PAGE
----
Monday, November 07, 2005

Revelation 18:1-8

Much in Scripture refers primarily to individuals and their relationship with God. Other parts of Scripture refer primarily to groups or peoples and their relationship with God. Yet other parts refer primarily to nations and their relationship with God. Today’s passage fits into this last category.

Historically in Scripture, ancient Babylon represented an enemy to the people of God (Israel) and to God himself, to the peace, righteousness, and justice desired by God. John’s codename for RomeBabylon the Great – painted Rome and its empire with the same brush: an enemy to the people of God (the Church, or the Body of Christ) and to God himself, to God’s peace, righteousness, and justice.

There is an irony, intended by John, in the description of Babylon or Rome as “the Great.” No human being could have denied the power, wealth, and extent of nations like Babylon and Rome. From a human perspective, each in its own day constituted a great empire – an impressive aggregation of military might, organizational systems, cultural influence, and goods and commerce.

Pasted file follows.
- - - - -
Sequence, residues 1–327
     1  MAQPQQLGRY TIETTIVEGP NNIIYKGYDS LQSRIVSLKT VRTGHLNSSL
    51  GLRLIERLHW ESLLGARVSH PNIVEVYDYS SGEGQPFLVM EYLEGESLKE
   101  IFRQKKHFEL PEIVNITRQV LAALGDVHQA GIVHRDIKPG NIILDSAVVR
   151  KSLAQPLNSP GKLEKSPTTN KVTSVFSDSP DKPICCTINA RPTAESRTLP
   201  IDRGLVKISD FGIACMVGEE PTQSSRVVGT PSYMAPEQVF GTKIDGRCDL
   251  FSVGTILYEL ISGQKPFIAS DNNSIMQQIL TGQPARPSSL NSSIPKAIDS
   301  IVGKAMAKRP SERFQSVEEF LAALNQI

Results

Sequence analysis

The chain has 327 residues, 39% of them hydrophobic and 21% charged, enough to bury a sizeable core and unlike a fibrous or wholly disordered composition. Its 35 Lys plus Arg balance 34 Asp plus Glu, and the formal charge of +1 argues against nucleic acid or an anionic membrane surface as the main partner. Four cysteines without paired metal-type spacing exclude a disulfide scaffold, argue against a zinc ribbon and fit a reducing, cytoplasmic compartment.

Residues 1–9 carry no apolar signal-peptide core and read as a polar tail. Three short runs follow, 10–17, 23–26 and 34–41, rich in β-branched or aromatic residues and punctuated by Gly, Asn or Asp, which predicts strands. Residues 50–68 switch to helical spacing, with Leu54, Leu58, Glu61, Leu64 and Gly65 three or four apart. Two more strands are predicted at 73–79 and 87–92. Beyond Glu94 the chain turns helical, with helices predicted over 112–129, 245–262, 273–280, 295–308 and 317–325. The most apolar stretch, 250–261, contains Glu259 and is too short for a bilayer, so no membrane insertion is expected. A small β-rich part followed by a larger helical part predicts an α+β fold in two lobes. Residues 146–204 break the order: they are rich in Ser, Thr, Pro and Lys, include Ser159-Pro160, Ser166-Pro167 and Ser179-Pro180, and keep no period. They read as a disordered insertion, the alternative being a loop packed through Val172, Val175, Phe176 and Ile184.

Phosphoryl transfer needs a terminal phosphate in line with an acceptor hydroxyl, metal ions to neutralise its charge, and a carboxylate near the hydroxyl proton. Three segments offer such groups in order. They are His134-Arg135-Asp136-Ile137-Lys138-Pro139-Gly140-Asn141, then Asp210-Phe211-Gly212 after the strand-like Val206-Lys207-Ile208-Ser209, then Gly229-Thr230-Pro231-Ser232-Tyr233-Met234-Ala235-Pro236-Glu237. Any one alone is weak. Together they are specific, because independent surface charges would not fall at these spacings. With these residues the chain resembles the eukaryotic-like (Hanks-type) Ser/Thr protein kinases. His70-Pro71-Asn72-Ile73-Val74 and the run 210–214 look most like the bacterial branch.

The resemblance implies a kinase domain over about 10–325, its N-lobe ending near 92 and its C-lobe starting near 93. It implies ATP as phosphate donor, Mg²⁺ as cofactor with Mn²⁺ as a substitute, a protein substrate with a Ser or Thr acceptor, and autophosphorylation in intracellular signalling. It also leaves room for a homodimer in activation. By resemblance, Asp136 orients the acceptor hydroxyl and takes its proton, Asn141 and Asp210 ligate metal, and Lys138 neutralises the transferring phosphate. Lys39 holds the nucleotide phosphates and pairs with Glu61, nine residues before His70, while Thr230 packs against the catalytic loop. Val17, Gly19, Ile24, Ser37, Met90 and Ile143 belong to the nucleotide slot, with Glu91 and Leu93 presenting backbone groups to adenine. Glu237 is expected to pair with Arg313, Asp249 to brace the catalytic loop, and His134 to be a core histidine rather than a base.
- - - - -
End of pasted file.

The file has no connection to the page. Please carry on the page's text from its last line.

Yet they were not great in the sight of God for two reasons. One, no matter how powerful they seemed on the scale of human history, they paled before the scale of God, creator of the cosmos and lord of all history, from beginning to end. Two, they failed – even warred against – the peace, righteousness, and justice of God that, had they fostered them, would have made Babylon or Rome truly great in the sight of God.

Even as all humans sin and fall short of God’s good purposes and plans, so all human systems and institutions sin and fall short of the good that God intends. Empires, nations, and governments are no exception. Some fail more than others; and some actually war against God’s peace, righteousness, and justice. But all fall short. The temptation for nations is to act as if there is no God; or even more, to act as if they can be God over life, history, and destiny for themselves and for others.

As John vividly pictures in Revelation, our hope is not in empires, nations, or governments. Our hope is in Jesus, the Lamb who was slain. The Lamb rules history not through power as understood and exercised in human terms. The Lamb accomplishes God’s purposes – peace, righteousness, and justice – through sacrifice. May we love and worship the Lamb by following his example as we live in but not of the world.

Gregory Strong

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